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Coach Carter

By

Source: Catholic News Service

Formulaic but interesting story of real-life basketball coach Ken Carter (Samuel L. Jackson) who accepts a job at a Richmond, Calif., high school with the stipulation that all the players sign contracts agreeing to uphold academic standards, and when some of them don't, he grounds the entire team, a controversial action that causes a great furor. The film directed by Thomas Carter (no relation) is reasonably absorbing, and Jackson gives a compellingly tough and unsentimental performance. Though parents may consider it important for inner-city kids to see this inspiring story with its message extolling academic achievement and teamwork, be warned that there's a good deal of crude language (unfortunately true to life) and an abortion subplot with questionable moral implications. Much crude language, drug dealing, some violence, abortion, suggestive dancing and sexual situations. The USCCB Office for Film & Broadcasting classification is A-III -- adults. The Motion Picture Association of America rating is PG-13 -- parents are strongly cautioned. Some material may be inappropriate for children under 13.

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Ansgar: The “apostle of the north” (Scandinavia) had enough frustrations to become a saint—and he did. He became a Benedictine at Corbie, France, where he had been educated. Three years later, when the king of Denmark became a convert, Ansgar went to that country for three years of missionary work, without noticeable success. Sweden asked for Christian missionaries, and he went there, suffering capture by pirates and other hardships on the way. Fewer than two years later, he was recalled, to become abbot of New Corbie (Corvey) and bishop of Hamburg. The pope made him legate for the Scandinavian missions. Funds for the northern apostolate stopped with Emperor Louis’s death. After 13 years’ work in Hamburg, Ansgar saw it burned to the ground by invading Northmen; Sweden and Denmark returned to paganism.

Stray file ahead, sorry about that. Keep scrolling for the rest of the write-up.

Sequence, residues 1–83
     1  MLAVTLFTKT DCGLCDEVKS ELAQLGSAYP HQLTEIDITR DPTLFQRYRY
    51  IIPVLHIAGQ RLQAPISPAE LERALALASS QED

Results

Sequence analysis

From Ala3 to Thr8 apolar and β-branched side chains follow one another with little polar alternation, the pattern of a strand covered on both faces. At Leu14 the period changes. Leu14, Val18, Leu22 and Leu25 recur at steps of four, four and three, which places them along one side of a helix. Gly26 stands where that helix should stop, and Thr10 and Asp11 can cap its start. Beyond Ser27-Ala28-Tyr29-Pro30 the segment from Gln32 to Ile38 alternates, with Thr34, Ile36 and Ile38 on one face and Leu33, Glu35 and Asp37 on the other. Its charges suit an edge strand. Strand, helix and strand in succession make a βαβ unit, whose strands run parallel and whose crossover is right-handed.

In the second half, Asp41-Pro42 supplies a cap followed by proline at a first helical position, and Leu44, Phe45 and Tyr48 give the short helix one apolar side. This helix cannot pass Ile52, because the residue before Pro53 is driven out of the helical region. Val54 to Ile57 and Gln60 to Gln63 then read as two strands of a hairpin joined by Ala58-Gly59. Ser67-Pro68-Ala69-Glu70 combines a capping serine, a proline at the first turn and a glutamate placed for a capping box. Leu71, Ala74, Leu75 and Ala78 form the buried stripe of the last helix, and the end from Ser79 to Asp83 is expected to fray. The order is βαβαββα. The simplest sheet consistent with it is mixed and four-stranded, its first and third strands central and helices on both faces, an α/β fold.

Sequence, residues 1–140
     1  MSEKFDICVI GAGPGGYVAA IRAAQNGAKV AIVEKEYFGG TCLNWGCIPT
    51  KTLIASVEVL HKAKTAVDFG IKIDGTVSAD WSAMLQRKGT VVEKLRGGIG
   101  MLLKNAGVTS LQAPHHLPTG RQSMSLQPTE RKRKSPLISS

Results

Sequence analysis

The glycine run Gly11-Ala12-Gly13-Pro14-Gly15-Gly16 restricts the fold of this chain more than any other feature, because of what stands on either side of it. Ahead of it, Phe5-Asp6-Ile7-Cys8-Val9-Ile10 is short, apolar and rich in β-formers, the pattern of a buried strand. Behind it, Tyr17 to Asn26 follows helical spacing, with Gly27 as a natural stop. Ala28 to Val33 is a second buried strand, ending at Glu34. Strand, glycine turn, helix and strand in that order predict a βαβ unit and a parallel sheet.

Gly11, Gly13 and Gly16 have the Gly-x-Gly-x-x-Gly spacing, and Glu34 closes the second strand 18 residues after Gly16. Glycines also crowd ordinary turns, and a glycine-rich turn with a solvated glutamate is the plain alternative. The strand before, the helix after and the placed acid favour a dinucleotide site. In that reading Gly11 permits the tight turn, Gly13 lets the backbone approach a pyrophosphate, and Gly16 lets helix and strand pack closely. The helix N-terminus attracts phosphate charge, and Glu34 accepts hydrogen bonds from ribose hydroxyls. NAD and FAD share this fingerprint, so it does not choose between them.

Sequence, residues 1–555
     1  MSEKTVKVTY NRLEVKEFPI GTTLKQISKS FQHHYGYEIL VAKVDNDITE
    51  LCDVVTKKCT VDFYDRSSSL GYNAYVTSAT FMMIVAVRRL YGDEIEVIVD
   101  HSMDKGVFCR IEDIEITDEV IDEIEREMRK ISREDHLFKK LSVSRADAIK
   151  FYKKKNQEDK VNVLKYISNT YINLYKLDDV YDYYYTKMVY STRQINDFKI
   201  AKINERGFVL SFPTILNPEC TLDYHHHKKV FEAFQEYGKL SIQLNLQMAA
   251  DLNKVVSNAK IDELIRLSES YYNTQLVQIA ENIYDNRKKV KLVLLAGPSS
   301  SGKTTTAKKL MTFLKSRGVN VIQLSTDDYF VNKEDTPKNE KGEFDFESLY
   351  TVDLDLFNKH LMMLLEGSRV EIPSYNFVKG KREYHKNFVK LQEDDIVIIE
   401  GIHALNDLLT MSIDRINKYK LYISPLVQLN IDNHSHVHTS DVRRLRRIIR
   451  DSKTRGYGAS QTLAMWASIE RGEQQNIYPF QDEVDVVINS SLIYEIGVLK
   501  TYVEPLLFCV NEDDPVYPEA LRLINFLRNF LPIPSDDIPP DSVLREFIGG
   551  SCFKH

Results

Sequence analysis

<p>He directed new apostolic activities in the North, traveling to Denmark and being instrumental in the conversion of another king. By the strange device of casting lots, the king of Sweden allowed the Christian missionaries to return. </p><p>Ansgar’s biographers remark that he was an extraordinary preacher, a humble and ascetical priest. He was devoted to the poor and the sick, imitating the Lord in washing their feet and waiting on them at table. He died peacefully at Bremen, Germany, without achieving his wish to be a martyr. </p><p>Sweden became pagan again after his death, and remained so until the coming of missionaries two centuries later.</p> American Catholic Blog Every vocation is a vocation to sacrifice and to joy. It is a call to the knowledge of God, to the recognition of God as our Father, to joy in the understanding of His mercy.

 
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